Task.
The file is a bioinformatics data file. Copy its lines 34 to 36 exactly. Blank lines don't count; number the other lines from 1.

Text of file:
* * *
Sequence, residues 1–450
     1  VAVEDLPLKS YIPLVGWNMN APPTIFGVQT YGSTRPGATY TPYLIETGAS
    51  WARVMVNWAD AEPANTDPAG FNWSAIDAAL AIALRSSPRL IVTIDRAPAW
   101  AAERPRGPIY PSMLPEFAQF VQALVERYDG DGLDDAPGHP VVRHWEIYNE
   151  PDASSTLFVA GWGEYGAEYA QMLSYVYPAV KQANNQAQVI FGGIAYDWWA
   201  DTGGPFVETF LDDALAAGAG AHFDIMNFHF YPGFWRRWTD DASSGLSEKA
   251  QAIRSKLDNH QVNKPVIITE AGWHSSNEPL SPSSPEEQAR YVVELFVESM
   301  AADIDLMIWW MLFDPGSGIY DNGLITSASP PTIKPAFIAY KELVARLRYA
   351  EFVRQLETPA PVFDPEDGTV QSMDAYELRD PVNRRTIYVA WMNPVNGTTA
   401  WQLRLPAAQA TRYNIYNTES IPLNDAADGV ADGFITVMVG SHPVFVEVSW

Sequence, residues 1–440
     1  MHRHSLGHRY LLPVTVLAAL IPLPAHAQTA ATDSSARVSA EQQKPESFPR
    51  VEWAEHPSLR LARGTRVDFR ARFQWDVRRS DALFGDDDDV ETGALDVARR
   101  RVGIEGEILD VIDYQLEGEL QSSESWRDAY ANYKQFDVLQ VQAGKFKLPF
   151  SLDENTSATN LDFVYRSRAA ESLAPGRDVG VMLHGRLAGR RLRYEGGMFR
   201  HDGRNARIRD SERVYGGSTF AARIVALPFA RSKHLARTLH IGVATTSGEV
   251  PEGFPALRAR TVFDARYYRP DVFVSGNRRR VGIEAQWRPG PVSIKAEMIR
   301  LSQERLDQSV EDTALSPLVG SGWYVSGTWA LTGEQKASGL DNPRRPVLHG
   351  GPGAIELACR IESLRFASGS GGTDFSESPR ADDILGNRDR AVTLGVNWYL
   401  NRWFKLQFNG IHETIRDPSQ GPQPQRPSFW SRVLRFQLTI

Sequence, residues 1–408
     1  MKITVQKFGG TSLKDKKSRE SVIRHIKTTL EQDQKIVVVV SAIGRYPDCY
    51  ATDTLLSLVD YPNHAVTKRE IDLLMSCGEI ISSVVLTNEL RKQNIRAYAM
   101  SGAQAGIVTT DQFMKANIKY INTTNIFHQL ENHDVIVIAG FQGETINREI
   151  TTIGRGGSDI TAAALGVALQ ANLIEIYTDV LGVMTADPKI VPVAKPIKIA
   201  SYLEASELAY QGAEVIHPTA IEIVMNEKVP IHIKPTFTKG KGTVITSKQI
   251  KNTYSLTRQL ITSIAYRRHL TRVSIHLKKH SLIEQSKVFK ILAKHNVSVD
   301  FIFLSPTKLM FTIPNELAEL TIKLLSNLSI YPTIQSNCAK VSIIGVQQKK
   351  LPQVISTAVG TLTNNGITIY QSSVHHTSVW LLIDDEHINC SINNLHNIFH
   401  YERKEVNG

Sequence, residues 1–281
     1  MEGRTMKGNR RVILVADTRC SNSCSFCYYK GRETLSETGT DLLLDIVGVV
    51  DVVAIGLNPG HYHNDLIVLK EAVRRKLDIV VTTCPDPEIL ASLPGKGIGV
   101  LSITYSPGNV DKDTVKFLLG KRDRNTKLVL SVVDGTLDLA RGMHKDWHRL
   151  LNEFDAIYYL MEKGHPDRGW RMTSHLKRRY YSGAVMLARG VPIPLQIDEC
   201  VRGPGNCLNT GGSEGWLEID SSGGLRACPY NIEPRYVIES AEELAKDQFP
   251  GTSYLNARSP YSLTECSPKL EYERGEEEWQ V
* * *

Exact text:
   101  LSITYSPGNV DKDTVKFLLG KRDRNTKLVL SVVDGTLDLA RGMHKDWHRL
   151  LNEFDAIYYL MEKGHPDRGW RMTSHLKRRY YSGAVMLARG VPIPLQIDEC
   201  VRGPGNCLNT GGSEGWLEID SSGGLRACPY NIEPRYVIES AEELAKDQFP